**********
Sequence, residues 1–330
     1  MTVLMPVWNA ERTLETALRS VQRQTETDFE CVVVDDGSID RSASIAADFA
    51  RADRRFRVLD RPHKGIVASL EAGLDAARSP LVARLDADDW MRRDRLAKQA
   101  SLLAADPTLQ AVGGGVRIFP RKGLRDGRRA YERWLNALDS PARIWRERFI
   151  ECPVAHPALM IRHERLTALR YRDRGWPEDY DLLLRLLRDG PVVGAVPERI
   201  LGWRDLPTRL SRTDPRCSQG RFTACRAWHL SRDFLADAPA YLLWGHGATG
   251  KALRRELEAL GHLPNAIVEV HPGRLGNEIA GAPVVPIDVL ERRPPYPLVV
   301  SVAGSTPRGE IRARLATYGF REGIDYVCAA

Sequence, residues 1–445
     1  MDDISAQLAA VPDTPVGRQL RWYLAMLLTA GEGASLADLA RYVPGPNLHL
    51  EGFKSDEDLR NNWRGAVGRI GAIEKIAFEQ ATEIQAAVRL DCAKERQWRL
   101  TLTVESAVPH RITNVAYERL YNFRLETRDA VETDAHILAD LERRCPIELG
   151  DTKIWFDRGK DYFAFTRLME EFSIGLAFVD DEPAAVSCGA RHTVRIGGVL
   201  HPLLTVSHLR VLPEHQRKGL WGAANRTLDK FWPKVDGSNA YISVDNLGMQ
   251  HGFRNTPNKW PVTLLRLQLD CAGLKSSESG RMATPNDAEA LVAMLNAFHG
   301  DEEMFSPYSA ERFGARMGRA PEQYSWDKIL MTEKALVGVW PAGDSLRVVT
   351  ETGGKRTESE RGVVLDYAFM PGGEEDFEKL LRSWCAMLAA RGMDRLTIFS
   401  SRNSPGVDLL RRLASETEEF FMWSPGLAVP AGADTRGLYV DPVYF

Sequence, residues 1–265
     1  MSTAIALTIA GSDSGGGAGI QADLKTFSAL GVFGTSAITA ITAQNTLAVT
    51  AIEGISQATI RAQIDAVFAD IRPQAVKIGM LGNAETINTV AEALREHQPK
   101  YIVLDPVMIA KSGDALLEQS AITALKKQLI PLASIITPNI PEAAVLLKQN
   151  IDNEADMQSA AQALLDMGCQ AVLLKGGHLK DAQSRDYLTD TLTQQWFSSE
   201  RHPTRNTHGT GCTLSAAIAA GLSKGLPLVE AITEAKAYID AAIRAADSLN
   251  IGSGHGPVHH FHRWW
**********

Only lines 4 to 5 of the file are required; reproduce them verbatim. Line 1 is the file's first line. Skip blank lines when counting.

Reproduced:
   101  SLLAADPTLQ AVGGGVRIFP RKGLRDGRRA YERWLNALDS PARIWRERFI
   151  ECPVAHPALM IRHERLTALR YRDRGWPEDY DLLLRLLRDG PVVGAVPERI